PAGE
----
After sloppiness and too much pressure on the shaky O-line, the Eagles punted, and on the Rams' first play from scrimmage, Stephen Jackson went untouched from 50 yards out for the score, and I had that Disquieting Here We Go moment of having taken my mom to another loss. But by the end of the quarter, the road team had the lead they would never relinquish, and while there are massive points to fix before this can be called a great team, there are elements that are very good, and these elements are going to win games until they fix the rest. I hope. And even when they were down early, it just didn't seem like the Rams had enough talent to run out and hide, or make the Eagles play their "A" game to win.

The Rams explain "12th Ram" rules to the crowd on the Jumbotron, a pretty bush league deal where they go for crowd involvement with a slow clap before the kickoff, noise on defense, quiet on offense, chanting "First Down" and "Sack" for these events. Um, woo. Explaining these rules are guys and girls wearing spiked pads and face paint, because this proves um, something. So in the bathroom at halftime, with a six-deep line waiting to use the urinal, there was a guy in Eagles green winning friends and influencing people by starting up an Eagles chant. His road heat efforts were rewarded by one of the Rams guys in full face paint and regalia telling him the Eagles suck, and the enlightened debate continued until there was face to face shouting, a spilled beer, and both guys looking for the "Stop Holding Me Back!" pansy slapfighting techniques of the not nearly inebriated enough, or people vaguely aware of security cameras and personnel. The rest of the guys waiting to pee all shook their heads at each other, with the guy besides me saying, "Alcohol is a wonderful thing." to which I replied, "Makes you proud to be a football fan."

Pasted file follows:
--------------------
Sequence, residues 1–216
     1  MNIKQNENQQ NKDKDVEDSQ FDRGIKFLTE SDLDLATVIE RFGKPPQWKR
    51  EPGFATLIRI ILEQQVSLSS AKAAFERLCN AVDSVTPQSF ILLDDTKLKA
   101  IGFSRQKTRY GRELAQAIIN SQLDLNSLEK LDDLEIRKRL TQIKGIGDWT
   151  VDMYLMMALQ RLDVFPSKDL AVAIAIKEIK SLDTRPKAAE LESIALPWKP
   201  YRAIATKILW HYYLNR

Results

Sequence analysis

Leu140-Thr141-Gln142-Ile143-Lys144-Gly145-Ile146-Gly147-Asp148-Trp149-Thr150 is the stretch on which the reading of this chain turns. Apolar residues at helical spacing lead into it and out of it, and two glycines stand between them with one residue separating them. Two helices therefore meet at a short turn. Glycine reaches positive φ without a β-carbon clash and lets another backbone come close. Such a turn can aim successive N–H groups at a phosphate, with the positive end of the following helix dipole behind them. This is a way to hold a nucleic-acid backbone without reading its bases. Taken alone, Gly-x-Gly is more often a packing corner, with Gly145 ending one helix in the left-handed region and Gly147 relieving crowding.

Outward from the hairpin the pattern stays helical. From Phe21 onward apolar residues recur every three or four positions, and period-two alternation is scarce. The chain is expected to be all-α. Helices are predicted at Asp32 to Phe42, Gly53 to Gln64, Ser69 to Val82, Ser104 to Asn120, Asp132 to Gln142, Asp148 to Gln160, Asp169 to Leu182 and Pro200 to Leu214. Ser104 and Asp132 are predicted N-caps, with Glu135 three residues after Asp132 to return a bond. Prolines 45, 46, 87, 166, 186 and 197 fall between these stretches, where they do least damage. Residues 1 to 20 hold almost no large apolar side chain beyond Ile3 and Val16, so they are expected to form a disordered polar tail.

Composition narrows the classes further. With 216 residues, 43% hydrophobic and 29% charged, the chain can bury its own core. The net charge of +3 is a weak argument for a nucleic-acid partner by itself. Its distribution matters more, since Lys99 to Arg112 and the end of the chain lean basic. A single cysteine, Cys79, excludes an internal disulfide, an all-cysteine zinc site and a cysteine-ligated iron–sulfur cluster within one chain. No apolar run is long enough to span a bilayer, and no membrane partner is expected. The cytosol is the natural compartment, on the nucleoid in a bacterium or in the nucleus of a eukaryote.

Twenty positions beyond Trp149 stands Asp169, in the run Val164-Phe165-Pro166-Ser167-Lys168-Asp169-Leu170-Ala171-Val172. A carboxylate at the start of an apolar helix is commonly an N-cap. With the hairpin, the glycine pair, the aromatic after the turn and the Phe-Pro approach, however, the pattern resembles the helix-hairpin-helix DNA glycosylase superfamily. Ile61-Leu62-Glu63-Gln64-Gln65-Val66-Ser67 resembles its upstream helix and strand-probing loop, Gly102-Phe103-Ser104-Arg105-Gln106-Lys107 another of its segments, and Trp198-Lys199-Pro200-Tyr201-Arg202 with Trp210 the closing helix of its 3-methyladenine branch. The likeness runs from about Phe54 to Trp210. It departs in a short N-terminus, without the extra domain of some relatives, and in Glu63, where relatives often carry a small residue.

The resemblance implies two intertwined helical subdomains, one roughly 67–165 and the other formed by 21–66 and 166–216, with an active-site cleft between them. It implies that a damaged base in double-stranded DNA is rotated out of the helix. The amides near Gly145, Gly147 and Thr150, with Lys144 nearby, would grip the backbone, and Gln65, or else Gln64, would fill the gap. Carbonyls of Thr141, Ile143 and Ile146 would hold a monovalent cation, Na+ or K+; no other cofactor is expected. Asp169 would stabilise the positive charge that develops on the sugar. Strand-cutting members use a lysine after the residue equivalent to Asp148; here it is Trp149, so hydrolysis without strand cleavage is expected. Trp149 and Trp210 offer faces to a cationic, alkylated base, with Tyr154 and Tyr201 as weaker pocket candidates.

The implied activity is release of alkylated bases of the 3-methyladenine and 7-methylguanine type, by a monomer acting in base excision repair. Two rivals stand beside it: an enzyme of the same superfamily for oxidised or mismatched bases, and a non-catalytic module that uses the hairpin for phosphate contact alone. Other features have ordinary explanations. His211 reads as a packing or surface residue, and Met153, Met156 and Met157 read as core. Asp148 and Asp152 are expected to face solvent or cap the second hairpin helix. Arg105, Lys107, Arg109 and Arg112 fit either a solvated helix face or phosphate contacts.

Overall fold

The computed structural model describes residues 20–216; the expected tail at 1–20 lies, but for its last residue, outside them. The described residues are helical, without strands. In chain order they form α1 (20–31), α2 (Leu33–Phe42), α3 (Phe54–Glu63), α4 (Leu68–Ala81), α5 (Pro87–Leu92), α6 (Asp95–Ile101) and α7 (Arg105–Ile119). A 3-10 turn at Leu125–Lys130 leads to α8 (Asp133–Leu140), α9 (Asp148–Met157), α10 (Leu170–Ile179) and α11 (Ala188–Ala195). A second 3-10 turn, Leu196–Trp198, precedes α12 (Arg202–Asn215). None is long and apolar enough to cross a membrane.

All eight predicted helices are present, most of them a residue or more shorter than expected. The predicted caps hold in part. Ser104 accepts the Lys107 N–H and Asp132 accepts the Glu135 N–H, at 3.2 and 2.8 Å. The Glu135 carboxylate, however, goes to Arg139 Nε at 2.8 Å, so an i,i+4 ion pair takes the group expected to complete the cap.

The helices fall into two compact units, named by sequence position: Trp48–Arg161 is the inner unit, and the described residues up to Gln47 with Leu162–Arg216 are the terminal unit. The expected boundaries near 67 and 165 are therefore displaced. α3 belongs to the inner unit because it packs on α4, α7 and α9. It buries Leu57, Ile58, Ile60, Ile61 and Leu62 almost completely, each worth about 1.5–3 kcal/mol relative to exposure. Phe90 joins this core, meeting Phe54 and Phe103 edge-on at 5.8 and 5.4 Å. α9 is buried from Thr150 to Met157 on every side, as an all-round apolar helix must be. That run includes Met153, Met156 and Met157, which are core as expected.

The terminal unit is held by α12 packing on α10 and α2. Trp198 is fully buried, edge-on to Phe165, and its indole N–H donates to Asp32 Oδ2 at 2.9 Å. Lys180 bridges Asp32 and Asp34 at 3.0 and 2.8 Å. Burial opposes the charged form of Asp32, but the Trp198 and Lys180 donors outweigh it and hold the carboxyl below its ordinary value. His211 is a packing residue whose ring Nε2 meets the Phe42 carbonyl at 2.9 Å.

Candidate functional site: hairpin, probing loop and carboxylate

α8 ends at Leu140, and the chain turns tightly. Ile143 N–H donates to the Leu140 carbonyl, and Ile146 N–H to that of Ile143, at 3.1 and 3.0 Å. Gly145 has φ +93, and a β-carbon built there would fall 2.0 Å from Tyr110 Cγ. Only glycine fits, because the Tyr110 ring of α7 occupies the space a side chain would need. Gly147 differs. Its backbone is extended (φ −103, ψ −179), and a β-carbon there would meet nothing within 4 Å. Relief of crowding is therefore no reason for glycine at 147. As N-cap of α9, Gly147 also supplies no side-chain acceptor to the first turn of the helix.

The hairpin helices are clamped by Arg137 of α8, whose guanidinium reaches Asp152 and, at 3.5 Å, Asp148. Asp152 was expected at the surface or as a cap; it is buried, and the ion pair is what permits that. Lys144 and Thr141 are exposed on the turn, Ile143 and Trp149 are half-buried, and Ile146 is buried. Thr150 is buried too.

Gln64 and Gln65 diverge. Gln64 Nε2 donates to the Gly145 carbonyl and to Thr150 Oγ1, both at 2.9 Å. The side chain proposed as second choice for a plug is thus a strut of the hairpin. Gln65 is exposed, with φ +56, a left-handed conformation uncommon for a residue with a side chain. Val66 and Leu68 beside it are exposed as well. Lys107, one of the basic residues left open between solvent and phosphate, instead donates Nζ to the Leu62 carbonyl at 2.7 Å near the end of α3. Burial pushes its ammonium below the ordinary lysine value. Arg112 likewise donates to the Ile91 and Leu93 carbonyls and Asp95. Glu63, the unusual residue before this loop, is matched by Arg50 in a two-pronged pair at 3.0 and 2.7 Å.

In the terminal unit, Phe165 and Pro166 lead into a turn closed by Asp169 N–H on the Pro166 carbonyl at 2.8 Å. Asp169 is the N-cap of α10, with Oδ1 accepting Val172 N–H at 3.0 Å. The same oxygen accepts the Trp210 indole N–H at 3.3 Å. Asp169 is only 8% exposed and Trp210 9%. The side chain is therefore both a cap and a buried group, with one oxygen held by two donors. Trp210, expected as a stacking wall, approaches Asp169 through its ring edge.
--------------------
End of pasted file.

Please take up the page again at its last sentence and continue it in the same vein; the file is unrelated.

I like Rams Fan; he's a realist, and willing to suffer road fools with some degree of patience. I feel bad for him, like a decent guy at a poker table who is betting into my nuts hand. But I'm still going to take his money, because that's how the game is played.

In the second half, the Eagles slowly put the game away with backbreaking runs by Vick, and it was fascinating to watch the effect he had on the body language of the Rams' players and fans. Just this slow shaking of the head, respect noises where you know that they are just dreaming of what it would be like to have a guy like this in their laundry, and an Of Course We're Losing, That Guy Exists feeling. And the really frightening part of the game was that Vick wasn't even all that great. He missed some open receivers, showed no pocket presence on a sack and strip in the red zone (right in front of me again: that was less fun), and threw for under 200 yards. But when he does make plays, like one scramble when he seemed to sit down and spin to free himself from an oncoming flood before running for 20 yards... well, it makes people on the other side just want to assume the fetal position. The man's a witch, or illusionist, or shape-shifter; he's not human.

In the fourth quarter, Andy Reid finally dialed up some running plays, and Shady McCoy and the line screamed Whoopie and put this one on the shelf. The Rams lost Jackson, only good WR Danny Amendola, franchise QB Sam Bradford (who I really like, by the way; he played well today and had no help at all), and the sense that they are going to be a force in the NFC West. The Eagles left to the cheers of their Nation: we sang to them at the gun, though I kind of felt bad about that, since it just seems too rude to be good karma. And five-plus hours later, on an aisle seat in a jammed plane filled with people wearing the colors, it all feels good, like the start of a fantastic roller coaster that's just starting to pick up speed. Hold on, wave your arms in the air, and scream your heads off, folks. It's going to be that kind of ride.

No comments:

Ads In This Size Rule